‘Look out for the cat snakes on the rock ledges,’ our guide warned. ‘We saw one stalking a bird the other evening’.
‘But don’t take my word for it – I failed the snake identification exam!’ she laughed. Pilchard and I exchanged glances. The previous day a gaggle of grey nomads had shown us a photo of the ‘Python’* they’d seen – they’d virtually stood over it to get their photos – on the gorge track.
Probably just as well they hadn’t realised it was a King Brown** …
‘Oh look! There’s a crocodile,’ the guide continued, turning the boat and steering straight for the magnificent limestone walls of Geikie*** Gorge.
White, weathered rock towered high above us as the cruise boat floated under massive ledges, pocked with holes and opening into amazing caverns dripping with jagged edges carved into glittering icicles.
The water rippled and flung the harsh Kimberley sunshine against the glistening limestone crystals. And with the dry season and water level dropping, the water-worn striations of the massive rocky walls appeared to melt into the river.
Replace the penguins and seals with snakes and crocodiles – and Geikie Gorge is the closest thing to an iceberg I’ll probably ever see in Australia!
On the mainland, anyway.
C’mon … you didn’t think the Outback had any REAL icebergs, did you??
The red rock’s a bit of a giveaway too …
When in flood – which it is every few years – the Fitzroy River rises to 26+ metres above the original crossing, and flows at up to 300,000 metres³ per second, making it one of Australia’s largest.
The effects of this volume of water on the variously coloured soft-ish limestone of the gorge walls could be clearly seen as the cruise boat floated close to the cliffs – all that’s left of the Devonian reef system that once surrounded the vast inland sea that is now the Kimberley region.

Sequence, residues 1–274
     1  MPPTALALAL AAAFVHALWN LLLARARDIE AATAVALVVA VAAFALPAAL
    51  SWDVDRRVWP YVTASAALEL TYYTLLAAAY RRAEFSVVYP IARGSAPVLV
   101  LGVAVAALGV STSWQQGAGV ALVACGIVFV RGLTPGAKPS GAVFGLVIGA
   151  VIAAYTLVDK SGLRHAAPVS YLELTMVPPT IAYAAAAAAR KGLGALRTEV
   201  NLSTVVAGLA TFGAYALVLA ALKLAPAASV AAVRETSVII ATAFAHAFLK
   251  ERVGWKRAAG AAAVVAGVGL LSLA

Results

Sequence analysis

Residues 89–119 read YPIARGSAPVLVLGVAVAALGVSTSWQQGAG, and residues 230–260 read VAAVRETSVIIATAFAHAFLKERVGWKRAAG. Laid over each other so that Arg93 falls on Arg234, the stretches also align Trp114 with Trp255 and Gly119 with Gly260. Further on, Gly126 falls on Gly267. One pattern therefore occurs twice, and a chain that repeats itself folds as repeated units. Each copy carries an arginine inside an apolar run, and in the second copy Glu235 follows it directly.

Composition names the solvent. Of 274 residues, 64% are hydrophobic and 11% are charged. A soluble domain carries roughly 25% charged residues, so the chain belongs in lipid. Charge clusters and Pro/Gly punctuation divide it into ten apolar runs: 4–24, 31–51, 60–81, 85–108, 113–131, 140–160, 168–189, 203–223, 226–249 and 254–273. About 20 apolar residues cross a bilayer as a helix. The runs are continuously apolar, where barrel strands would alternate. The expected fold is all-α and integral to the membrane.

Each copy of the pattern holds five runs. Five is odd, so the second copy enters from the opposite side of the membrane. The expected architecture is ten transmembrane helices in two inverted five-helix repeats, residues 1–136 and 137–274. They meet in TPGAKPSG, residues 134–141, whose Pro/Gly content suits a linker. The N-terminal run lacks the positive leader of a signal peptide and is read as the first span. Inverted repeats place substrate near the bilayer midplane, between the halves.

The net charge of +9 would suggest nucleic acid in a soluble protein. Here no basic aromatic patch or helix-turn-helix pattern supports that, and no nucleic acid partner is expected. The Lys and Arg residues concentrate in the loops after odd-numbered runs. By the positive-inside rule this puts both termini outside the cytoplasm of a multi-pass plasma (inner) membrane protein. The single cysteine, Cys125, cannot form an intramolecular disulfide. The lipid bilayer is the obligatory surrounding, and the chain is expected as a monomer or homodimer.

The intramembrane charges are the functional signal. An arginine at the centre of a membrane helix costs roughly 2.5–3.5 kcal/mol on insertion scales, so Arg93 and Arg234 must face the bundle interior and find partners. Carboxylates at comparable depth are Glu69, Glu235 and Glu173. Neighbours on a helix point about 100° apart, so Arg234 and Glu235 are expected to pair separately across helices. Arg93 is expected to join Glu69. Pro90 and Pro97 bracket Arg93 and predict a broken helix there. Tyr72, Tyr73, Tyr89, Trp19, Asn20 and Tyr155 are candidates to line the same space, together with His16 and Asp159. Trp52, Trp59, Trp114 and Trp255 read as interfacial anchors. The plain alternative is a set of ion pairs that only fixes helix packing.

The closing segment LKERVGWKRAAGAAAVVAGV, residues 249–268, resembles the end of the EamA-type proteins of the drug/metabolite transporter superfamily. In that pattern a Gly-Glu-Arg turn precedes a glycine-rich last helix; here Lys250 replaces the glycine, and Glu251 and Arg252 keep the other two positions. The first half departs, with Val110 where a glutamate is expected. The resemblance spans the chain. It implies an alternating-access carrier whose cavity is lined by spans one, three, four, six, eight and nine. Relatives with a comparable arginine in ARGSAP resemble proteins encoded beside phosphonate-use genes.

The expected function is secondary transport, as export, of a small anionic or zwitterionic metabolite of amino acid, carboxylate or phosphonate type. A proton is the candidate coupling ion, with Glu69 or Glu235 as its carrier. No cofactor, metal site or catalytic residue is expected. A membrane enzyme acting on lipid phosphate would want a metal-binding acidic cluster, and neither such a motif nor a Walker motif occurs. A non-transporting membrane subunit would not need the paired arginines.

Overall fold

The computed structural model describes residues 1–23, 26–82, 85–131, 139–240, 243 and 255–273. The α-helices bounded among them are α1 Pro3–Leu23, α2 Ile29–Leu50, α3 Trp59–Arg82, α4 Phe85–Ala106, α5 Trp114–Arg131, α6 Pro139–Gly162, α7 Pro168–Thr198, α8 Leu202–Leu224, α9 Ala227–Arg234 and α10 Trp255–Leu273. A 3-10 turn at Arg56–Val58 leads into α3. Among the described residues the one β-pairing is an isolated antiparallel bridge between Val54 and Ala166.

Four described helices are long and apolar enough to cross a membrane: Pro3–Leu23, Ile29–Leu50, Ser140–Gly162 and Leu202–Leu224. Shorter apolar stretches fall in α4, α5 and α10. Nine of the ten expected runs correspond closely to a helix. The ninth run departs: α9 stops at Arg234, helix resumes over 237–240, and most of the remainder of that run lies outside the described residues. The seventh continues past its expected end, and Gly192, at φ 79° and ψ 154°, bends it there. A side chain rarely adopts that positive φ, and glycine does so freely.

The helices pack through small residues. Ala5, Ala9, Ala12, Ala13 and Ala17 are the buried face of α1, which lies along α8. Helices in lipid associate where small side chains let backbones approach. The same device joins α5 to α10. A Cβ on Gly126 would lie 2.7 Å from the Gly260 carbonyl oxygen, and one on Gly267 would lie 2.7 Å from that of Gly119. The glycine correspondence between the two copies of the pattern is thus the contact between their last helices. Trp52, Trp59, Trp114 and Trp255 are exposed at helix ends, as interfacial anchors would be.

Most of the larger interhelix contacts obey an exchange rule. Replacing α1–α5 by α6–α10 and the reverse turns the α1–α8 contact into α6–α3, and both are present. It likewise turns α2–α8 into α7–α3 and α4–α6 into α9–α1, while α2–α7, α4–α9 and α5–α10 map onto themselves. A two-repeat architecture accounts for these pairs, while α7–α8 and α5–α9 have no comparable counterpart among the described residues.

Passing the end point of the snake-free walk we’d completed the previous day, we approached the Western Wall, glowing in the early morning sun. According to our guide, the Kimberley summer (Nov-March) is fierce and intense, with the temperature regularly topping 38°C (~110°+ F) by 9am, also the time of the year when flooding is most likely.
But happily these extremes weren’t apparent during our July 2012 visit, with the morning temperature so chilly for our 8am cruise that our guide was all rugged up. And poking fun at the Grey Nomads – most of the tour group – for doing the same.
‘Aren’t you all from Melbourne?’ she asked to quite a few nods.
‘And isn’t it cold AS down there?’ More nods.
‘So why are you all wearing jackets HERE?’
Watching the group embarking onto the barge-like watercraft that cruise the gorge during the winter months had almost been worth the ticket price – exceptionally good value as it was.
Call me weird, but did I really need water, extra sunscreen and snacks for a cruise lasting an hour in single-digit early morning temperatures? And if I really thought I DID need them, would I have left them in the car?? AND … even if we’d been travelling with 2 or 3 other couples, I’d probably have survived the hour without sitting next to them …